22 10 Using Offender Interviews to Inform Police Problem Solving In another St. Louis study, it was found that armed robbers also engaged in a number of other offenses including burglary, drug sales, auto theft, and assault. 16 A pattern was observed whereby offenders would engage in a minor form of offending, be victimized, and retaliate by engaging in a robbery. This pattern increased their level of offending, both in terms of frequency and seriousness. Few of these offenders chose to report their victimization to the authorities. The failure to report victimizations clearly was linked to involvement in offending. The conclusions indicate that encouraging offenders to report their victimization is a key to preventing future offending. Lacking legal recourse, many offenders take the law into their own hands, circumventing legal means, and thereby increasing the odds of engaging in additional crime. Gang Members Interviews with active gang members have been conducted since the start of the 20 th century. Federal funding resulted in a number of studies looking at the impact of policies, the motivations for joining and offending, and potential solutions to the gang problem. These interviews provide a picture of gang members that reinforces that of the drug users and dealers, burglars, and armed robbers. Gang members engage in a variety of offenses-a phenomenon that researchers call "cafeteria-style offending." 17 Cafeteria-style offenders pick and choose from the wide variety of offending options. One week, these offenders may be burglars, the next day they may be robbers, and that afternoon they may steal a car. It is a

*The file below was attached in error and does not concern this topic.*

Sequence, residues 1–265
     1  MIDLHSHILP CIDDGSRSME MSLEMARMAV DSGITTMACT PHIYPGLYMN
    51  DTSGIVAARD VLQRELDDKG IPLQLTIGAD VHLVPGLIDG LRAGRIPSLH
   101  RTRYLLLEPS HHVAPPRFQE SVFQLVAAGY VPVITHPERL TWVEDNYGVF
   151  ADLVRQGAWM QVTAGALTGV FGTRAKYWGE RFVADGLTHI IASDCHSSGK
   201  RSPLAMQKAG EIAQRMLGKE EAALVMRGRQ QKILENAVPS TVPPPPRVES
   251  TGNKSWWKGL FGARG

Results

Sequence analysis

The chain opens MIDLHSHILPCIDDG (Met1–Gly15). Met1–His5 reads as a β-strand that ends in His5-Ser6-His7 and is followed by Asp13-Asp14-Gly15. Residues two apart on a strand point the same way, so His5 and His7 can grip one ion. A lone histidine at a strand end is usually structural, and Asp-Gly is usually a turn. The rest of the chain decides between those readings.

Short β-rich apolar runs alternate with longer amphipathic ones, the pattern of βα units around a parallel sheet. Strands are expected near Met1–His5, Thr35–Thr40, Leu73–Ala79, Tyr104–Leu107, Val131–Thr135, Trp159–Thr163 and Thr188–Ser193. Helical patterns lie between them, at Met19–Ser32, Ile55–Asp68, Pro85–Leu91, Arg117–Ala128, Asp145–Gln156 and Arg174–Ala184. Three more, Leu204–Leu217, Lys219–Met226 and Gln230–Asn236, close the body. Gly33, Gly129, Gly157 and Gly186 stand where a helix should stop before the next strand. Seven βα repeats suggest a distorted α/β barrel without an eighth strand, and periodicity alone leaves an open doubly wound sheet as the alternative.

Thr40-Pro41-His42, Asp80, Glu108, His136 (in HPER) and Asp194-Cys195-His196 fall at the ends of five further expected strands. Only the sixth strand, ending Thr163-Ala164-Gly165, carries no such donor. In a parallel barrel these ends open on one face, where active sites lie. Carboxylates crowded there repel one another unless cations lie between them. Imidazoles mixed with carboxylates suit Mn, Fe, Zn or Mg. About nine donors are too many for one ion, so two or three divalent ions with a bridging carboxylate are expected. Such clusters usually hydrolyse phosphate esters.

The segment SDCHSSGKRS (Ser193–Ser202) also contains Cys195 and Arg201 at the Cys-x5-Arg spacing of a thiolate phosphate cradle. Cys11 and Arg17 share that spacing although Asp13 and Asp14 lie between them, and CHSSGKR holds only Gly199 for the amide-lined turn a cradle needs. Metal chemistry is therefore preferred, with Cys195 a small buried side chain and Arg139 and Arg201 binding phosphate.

23 What Offender Interviews Have Found 11 mistake to regard such individuals as specialists, yet such perceptions are understandable as you typically see these individuals only with regard to the offense for which they were arrested. It is also clear from this research that gang members experience a large volume of victimizations. Gang membership is also transient. Most youth who join a gang tend to do so for relatively short periods of time. During the periods of time that they are active gang members, their levels of offending and victimization were elevated compared to both their time before joining the gang as well as after leaving the gang. One of the notable features of gang membership is the level of bragging about gang membership. As stories are told over and over again, they attain "mythic" status. Sorting through the talk and bluster about gang activity becomes an important issue because so much of it is simply that, talk. One way to do this is to bring multiple sources of data to bear on the same issue. In this regard, you would bring as much information to bear on an investigation involving a gang member as possible. This would include school records, parental interviews, juvenile court information, field interrogation cards, division of youth service records, and interviews with family and associates. Gun Offenders There have been a number of interviews with offenders involved in firearm use. These studies reinforce what was learned in earlier studies including the versatility of offenders, high levels of victimization, and easy access to firearms.